People Management

With some employees, it isn’t a matter of ability, it’s a matter of attitude. And while you can’t control someone’s horrible personality, you can decide how you’re going to respond. Use these scripts and strategies to confront problem employees and effectively manage employee discipline so you can bring motivating back to the forefront of your workday.

The first rule of people management is not to let one bad apple spoil your whole bunch. Difficult people can put a strain on the productive members of your team.

Make the most of your human capital. Browse our articles on the good, the bad and the ugly of People Management…

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When laggards repeatedly fail to meet minimal job expectations, putting them on probation will only get you so far.
The ability to ask shrewd questions is a manager’s secret weapon. By posing carefully worded inquiries in a neutral tone, you increase your odds of getting more revealing answers.
You already know to praise more than you criticize. But there are subtler ways to convey your satisfaction with employees’ effort or performance.
When John Shiely became chief executive of Briggs & Stratton Corp. in 2001, he learned to modulate his communication style. Instead of telling staffers what he wanted, he asked questions and listened without interrupting.

Surveys of U.S. workers consistently show that employees want more than a paycheck from their jobs—they want to feel safe, secure and appreciated at work. Here are eight guidelines for recognizing and rewarding employees, according to an Adecco management report.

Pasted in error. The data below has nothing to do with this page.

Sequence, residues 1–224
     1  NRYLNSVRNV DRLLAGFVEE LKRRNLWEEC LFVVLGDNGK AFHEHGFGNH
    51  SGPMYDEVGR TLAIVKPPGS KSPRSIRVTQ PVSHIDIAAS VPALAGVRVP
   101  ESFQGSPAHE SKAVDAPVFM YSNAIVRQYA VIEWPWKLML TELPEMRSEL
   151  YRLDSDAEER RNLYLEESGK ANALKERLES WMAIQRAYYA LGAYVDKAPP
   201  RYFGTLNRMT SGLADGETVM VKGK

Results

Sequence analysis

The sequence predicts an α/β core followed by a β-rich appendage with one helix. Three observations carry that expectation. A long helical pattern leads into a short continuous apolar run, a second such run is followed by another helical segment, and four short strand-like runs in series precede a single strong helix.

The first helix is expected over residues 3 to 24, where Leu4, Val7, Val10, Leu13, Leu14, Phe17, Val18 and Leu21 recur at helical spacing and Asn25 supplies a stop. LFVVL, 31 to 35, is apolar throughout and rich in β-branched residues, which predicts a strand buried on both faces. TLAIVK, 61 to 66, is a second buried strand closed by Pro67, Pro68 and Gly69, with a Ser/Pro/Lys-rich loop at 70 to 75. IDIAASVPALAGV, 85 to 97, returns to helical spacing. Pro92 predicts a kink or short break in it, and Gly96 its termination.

Now that warm weather has arrived, it seems abundantly clear that some of our employees are, shall we say, hygienically challenged. Any suggestions on what to say or how to handle an employee who has body odor?—Darlene, Pennsylvania
Surveys of U.S. workers consistently show that employees want more than a paycheck from their jobs—they want to feel safe, secure and appreciated at work. Good recognition and rewards provide employees with three things: A fair return for their efforts. Motivation to maintain and improve their performance. A clarification of what behaviors and outcomes the [...]
I need some help coming up with good interview questions. We’re hiring and—because the economy is so slow—we’re getting tons of applicants for every job we post. Many are equally well-qualified, so we have the luxury of looking for people with the intangible qualities we seek: initiative, collaborative skills, entrepreneurial spirit, pride in a job well done. I use the standard “Tell me about a time when you…” questions, but I’d like some fresh questions that really get at what kind of person the applicant is. What questions have you asked that revealed stellar personal traits?—Theresa, Chicagoland

The recession has plenty of employees distracted and anxious—about their jobs, their 401(k)s and their monthly bills. That’s not good news at a time when you need to squeeze every ounce of productivity from your employees. These 14 tips can motivate shell-shocked employees.

One of the managers at our small firm constantly chooses on a whim which company policies apply to her people. She lets the departments she manages have privileges no other department in the company has. For example, they get great latitude when filling out time sheets (which has led to what I consider Fair Labor Standards Act violations). As the HR rep, I hear complaints all the time about this inequitable policy flexibility. What should I do? I’m worried about morale, but also about legal liability. — Louise, Pennsylvania
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